“Without a significant expansion in the supply of housing, adding vouchers would be like adding players to a game of musical chairs without increasing the number of chairs.

Market-rate construction can help: More housing would slow the upward march of housing prices. New York and San Francisco are the nation’s most tightly regulated markets for housing construction, and it is not a coincidence that they also are the most expensive. Tokyo, often cited as an international model for its permissive development policies, has expanded its supply of homes by roughly 2 percent a year in recent years, while New York’s housing supply has expanded by roughly 0.5 percent a year. Over the last two decades, housing prices in Tokyo held steady as New York prices soared.”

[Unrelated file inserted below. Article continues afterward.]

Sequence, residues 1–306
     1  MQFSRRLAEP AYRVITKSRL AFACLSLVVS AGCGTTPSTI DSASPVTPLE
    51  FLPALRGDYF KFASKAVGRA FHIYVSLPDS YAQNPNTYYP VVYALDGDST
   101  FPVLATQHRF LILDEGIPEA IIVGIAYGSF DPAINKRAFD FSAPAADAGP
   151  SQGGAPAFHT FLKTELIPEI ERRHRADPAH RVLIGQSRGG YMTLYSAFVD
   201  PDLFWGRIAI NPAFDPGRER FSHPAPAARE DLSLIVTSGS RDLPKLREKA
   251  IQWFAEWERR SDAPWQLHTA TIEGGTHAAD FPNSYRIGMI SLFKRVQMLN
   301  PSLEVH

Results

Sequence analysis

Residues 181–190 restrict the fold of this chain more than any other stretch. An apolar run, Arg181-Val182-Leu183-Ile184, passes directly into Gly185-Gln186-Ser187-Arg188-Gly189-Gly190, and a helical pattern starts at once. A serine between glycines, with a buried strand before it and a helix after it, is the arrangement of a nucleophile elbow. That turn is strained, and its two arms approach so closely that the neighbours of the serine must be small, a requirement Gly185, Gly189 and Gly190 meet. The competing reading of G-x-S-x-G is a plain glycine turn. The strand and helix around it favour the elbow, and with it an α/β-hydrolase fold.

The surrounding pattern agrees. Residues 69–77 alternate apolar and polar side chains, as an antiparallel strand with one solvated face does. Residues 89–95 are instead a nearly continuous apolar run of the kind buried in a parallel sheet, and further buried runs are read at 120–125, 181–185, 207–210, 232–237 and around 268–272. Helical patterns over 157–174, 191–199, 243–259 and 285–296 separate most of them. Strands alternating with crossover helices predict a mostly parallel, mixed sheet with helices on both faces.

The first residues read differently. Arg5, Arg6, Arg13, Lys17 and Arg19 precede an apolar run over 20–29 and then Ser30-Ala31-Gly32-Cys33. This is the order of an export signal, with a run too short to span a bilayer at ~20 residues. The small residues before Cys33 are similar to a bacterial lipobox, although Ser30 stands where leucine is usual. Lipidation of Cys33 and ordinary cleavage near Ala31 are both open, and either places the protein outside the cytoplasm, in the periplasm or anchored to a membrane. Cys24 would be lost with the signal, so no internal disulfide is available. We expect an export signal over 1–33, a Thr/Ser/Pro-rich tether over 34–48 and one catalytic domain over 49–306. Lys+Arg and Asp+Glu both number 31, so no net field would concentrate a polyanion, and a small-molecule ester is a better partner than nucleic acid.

Finally, I’d like to end with a radio show I did with Bill King along with Carrin Patman and Tom Lambert of METRO on what’s happening with the past, Covid present, and potential future of transit.  Apologies for my bad body language – I didn’t even realize I was being videoed until over halfway through, lol. I was just focused on my notes and getting the audio right.

This piece first appeared on Houston Strategies.

Tory Gattis is a Founding Senior Fellow with the Center for Opportunity Urbanism and co-authored the original study with noted urbanist Joel Kotkin and others, creating a city philosophy around upward social mobility for all citizens as an alternative to the popular smart growth, new urbanism, and creative class movements. He is also an editor of the Houston Strategies blog.

Photo credit: Dhanix via Wikimedia, under CC 3.0 License.